Owarimonogatari II

Owarimonogatari II MayoiEndings are tricky things to get right, and few anime series even run long enough to get to the point of concluding their stories. Strictly speaking this is not quite an ending, for reasons we will discuss later, but it certainly feels like one, and it functions as a conclusion to everything that has happened up to this point. It’s so coherent that it feels like this ending was planned from the start; if it wasn’t, then it’s a remarkable exercise in drawing together a huge amount of plot threads and bringing them all to a climax at once, in a way that links them all together. Even seemingly throwaway, background plot developments such as Hanakawa’s globe-trotting ends up being essential to what happens at the end.

After the side-steps of the first season of Owarimonogatari, we finally pick up where Koyomimonogatari left off, with Koyomi dead and meeting Mayoi in the underworld. We are presented with a surreal visual treat while the two of them travel through hell. Immediately the writer starts engaging with his big themes of the season: Koyomi’s past actions, his self-doubt, and his uncertain future. To a certain extent this arc inevitably undermines the beautiful, bittersweet ending to Mayoi’s story in Onimonogatari. It had to. But I’m not complaining because we got Mayoi back again, and the point where Koyomi decides she is more important than following any rules or the danger that saving her could pose to himself or anyone else is one of those rare moments when you are watching television and want to punch the air in celebration. Importantly, this season doesn’t just reverse what happened to Mayoi. It moves her story forwards and finds a better resolution that is the work of genius.

The two arcs that conclude the season make up one coherent story between them, albeit with a fairly disposable episode that sees Koyomi going on a date with Senjougahara, which retreads some old ground (which isn’t in itself inappropriate for a concluding season like this). There is a central mystery to solve, which is the nature of Ougi’s existence, and it would appear that she poses a threat to Koyomi, the newly restored Shinobu and Mayoi in particular. With just one episode to go, Koyomi reveals exactly who Ougi is, and it’s a hugely surprising and very clever moment. Her story is resolved in the way that all Koyomi’s adventures have been resolved: with Koyomi risking his life to put somebody else before himself, and worry about the consequences when they happen. The way he has always put others first has been a major contributing factor to the success of his character. So many anime shows with mostly female casts have insipid, uninspiring male leads, but Koyomi is that rare beast in anime: a hero who actually deserves all the attention he gets, while questioning his own self-worth. He is a strong contender for the best main character in any anime series. But his constant willingness to sacrifice himself has always been linked to something approaching self-loathing, and that finally gets resolved here in a remarkably clever way.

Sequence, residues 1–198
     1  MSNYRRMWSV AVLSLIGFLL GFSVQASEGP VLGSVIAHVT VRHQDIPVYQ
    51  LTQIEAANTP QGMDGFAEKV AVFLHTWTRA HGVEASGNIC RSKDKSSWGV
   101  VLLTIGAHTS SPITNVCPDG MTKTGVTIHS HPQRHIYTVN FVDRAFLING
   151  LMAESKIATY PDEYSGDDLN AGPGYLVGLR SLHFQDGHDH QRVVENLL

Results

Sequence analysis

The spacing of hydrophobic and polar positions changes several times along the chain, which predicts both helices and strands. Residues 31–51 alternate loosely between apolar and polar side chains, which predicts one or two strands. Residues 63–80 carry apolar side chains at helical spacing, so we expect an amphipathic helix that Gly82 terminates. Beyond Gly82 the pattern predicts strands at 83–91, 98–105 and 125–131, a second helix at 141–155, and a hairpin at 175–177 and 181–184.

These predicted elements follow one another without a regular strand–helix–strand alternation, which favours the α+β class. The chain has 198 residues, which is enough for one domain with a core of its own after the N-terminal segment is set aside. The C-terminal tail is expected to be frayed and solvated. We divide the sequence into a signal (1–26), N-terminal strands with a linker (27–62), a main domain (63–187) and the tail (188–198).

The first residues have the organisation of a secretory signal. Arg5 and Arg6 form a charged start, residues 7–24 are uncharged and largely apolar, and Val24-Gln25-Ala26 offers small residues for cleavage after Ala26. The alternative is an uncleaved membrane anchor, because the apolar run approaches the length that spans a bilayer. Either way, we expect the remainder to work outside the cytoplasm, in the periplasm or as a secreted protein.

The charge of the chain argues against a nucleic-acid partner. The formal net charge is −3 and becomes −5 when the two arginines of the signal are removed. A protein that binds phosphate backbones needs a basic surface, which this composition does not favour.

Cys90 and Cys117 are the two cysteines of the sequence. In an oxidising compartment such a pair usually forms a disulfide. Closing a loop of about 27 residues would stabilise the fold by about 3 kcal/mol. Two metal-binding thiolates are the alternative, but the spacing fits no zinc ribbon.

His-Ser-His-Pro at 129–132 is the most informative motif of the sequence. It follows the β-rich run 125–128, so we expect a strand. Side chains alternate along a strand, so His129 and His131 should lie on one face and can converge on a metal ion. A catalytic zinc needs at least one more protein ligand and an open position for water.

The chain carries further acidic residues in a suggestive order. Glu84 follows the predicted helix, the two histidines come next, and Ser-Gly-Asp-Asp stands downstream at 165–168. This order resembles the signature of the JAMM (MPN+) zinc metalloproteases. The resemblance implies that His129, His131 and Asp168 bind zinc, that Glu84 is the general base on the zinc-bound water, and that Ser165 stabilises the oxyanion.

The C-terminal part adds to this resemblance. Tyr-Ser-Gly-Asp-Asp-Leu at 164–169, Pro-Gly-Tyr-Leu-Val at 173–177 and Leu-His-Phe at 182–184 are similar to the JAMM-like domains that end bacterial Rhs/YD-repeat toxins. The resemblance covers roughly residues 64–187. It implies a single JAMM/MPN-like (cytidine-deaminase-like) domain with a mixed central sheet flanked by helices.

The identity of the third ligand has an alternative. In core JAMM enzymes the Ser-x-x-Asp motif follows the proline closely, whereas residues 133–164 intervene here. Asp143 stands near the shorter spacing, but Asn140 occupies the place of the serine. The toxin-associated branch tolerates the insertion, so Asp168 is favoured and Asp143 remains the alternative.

Nearly all the major characters up to this point have an important part to play in the end of Koyomi’s adolescence. That’s the way the story is framed, and it’s the perfect way to approach an ending to a long-running story. After all, the transition from childhood to adulthood also feels like the end of a long-running story, but also represents the start of something new. Koyomi’s relationships with most of the girls in his life are re-examined, questioned, and restated, which is important with him moving into his adulthood and his girlfriend looking likely to become his wife in the fullness of time. It’s to the credit of the writer that jealousy has never played much of a role in this show, and instead Koyomi is allowed to love more than one girl in his life, but in different ways. In particular, the way Koyomi and Shinobu are soul mates has never been made clearer than here, with her restored to her adult, deadly dangerous form and still completely devoted to her “master”. The best part of an episode goes by with Shinobu’s arms wrapped protectively around Koyomi and it’s the most natural thing in the world at that point. It matters not one jot that it’s not his girlfriend who is embracing him, or that Mayoi is there too, a girl whose love for Koyomi has been acknowledged and is reciprocated. The writing is more mature than that. It’s just not an issue at all. What a refreshing change from the massed ranks of harem anime series which either fail to conclude or have to end up with a crowd of losers in love and just one winner. Ironically for a show where the main character has often engaged in sexually charged behaviour, we reach a conclusion where love means so much more than anything physical. The show has grown up with the characters.

Almost inevitably for a long-running, successful show, an ending becomes a pause instead. The light novels have continued long after this point, and we have one final anime season to watch, which looks at what happens after an ending. By offering us a coda season, Monogatari continues to reflect life, which is rarely punctuated by tidy endings. There’s always a what-happens-next.   RP

About Roger Pocock

Co-writer on junkyard.blog. Author of windowsintohistory.wordpress.com. Editor of frontiersmenhistorian.info
This entry was posted in Anime, Entertainment, Reviews, Television and tagged , , . Bookmark the permalink.

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